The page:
Smiths Water Treatment Plant - Executive Summary

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Section 1    Executive Summary 
The Smiths Water & Sewer Authority in the Community of Smiths has developed a Risk Management Plan (RMPlan) for the Smiths Water Treatment Plant.  It is their goal to have this plan implemented at the Smiths Water Treatment Plant in an effort to protect human health, protect the environment and meet applicable federal regulations.  This plant is operated by the Smiths Water & Sewer Authority and has a capacity to process 3.4 million gallons of drinking water per day.  It is located in Section 21, Township 18 North, Range 30 East.  The plant is located at 141 Lee Road 315, Smiths, Lee County, Alabama, 36877. 
This RMPlan has been developed to meet the standards published in the 40 Code of Federal Register (CFR) part 68.  Risk Management Program regulations were promulgated by the EPA to cover the accidental release prevention provision under the Clean Air Act '112(r)(7).  These regulations require facilities that exceed the cited threshold quantities for cer 
tain chemicals to develop a RMPlan.  The goal of a RMPlan is to focus on reducing the risk of accidental releases of certain chemicals; thereby, preventing harm to employees as well as potentially catastrophic impacts on the public.  Over 60 accidental releases of RMPlan regulated chemicals at water treatment plants (WTP's) and wastewater treatment facilities in the United States were reported between 1986 and 1995.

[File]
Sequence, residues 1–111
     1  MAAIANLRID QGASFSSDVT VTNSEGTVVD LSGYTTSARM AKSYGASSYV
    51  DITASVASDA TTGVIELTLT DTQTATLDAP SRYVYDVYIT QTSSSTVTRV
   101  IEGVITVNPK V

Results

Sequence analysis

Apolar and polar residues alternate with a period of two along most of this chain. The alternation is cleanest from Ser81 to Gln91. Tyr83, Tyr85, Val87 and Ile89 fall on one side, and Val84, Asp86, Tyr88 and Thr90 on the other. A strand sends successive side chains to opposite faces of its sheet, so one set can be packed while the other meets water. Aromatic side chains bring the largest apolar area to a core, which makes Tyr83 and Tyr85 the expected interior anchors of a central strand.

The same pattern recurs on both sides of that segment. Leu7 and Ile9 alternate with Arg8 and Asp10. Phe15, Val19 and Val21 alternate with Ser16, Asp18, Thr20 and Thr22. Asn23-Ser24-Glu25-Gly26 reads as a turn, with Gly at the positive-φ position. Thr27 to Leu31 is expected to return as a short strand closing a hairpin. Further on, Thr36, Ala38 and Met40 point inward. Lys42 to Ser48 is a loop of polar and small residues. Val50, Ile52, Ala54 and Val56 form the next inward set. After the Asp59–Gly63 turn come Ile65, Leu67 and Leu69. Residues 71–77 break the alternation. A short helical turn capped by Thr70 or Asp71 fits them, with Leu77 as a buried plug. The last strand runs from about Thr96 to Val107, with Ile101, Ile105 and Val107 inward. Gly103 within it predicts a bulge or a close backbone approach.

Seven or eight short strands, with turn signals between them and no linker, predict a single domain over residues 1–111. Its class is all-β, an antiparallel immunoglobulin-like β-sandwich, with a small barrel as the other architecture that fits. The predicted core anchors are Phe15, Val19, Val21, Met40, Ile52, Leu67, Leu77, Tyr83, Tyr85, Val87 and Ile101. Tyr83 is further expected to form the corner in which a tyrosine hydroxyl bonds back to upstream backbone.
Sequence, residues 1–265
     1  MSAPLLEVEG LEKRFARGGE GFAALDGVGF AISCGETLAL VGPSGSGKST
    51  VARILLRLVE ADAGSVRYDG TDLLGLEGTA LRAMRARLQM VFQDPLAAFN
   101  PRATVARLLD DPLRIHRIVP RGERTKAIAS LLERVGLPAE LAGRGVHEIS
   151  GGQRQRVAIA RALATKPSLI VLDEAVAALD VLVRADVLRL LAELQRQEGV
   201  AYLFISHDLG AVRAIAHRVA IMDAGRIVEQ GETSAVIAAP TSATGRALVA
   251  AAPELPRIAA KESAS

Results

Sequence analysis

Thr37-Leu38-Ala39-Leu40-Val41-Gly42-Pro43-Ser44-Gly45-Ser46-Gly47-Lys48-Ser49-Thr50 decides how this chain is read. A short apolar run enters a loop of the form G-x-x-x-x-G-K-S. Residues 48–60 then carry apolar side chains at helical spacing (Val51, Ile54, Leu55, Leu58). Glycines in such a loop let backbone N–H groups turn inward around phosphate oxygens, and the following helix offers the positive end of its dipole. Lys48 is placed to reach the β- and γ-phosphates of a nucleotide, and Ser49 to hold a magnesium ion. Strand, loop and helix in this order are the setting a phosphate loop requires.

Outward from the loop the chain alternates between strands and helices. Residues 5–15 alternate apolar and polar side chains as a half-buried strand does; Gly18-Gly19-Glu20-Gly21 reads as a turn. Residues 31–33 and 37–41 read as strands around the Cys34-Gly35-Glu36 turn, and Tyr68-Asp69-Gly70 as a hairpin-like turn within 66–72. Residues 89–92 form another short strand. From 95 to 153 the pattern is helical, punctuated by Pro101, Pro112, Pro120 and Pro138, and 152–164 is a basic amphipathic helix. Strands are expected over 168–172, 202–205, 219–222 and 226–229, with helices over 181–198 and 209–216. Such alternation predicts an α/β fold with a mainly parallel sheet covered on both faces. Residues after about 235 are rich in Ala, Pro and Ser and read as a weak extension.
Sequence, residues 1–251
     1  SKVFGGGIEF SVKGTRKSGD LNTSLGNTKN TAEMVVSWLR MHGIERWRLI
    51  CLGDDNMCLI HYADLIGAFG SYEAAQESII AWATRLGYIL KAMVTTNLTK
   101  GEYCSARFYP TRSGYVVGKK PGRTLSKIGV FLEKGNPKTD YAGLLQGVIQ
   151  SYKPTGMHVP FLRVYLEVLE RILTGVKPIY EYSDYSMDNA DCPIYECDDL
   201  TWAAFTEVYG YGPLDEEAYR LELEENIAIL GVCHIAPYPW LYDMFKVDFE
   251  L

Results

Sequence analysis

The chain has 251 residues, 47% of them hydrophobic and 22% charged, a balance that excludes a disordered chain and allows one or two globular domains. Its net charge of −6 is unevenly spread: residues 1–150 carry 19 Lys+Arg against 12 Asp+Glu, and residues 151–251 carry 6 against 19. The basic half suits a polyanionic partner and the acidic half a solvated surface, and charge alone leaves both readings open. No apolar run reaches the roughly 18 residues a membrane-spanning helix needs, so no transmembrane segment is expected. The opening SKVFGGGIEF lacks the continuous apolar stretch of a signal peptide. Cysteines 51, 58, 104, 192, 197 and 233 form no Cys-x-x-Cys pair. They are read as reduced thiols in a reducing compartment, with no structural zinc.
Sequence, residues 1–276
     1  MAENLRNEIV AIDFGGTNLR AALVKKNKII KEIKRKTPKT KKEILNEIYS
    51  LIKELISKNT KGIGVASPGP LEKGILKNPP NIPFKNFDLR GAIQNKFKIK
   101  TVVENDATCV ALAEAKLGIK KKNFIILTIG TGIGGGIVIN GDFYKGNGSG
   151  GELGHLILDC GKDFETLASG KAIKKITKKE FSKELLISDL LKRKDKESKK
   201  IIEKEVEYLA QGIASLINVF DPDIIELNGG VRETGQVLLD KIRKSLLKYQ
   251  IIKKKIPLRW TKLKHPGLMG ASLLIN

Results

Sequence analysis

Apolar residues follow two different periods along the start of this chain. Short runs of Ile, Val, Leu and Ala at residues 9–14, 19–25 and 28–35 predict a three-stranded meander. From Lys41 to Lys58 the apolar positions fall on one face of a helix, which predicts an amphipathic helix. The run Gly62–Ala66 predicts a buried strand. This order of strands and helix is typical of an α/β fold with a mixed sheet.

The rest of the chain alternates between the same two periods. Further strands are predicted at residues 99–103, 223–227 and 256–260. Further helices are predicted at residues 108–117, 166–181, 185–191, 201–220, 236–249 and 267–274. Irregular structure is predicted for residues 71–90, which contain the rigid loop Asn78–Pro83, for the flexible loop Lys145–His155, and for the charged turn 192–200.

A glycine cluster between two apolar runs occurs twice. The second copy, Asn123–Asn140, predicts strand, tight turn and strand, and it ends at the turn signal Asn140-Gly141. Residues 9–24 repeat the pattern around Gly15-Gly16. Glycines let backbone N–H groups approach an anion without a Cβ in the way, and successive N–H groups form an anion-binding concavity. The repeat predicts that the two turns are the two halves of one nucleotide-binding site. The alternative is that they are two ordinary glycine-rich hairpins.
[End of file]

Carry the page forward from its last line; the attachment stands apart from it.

The chemical currently used in the water process at this site that is covered by the regulation is chlorine.  The maximum potential amount of chlorine to be present on site at any one time is 8,000 pounds.  Chlorine is stored in one ton cylinders, and although there is a potential for 8,000 pounds to be present on the site at any one time, typically, at least 2 of the cylinders are empty, usually leaving less than 4,000 pounds on site.   
A hazard analysis was performed to estimate the potential off-site consequence.  An analysis was performed for two different release sc 
enarios.  The first release scenario is the case defined by the Environmental Protection Agency (EPA) as the "worst case" scenario.  This scenario assumes that the largest vessel of each chemical is full and it releases the entire contents of the containers during a ten-minute period.  The second scenario (or alternative scenario) is based on a situation more likely to occur which will cause a release of chemicals at the facility.  The radius of impact was determined based on the guidance provided in Chapter 4: "Offsite Consequence Analysis" of the General Guidance for Risk Management Programs dated October 27, 1998 and the Compliance Guidance and Model Risk Management Program for Water Treatment Plants (American Water Works Association). 
In both release scenarios, the toxic end point concentration remains the same.  The toxic end point for chlorine is three parts per million (ppm) or 0.0087 milligrams per liter.  The American Industrial Hygiene Association (AIHA) has listed these con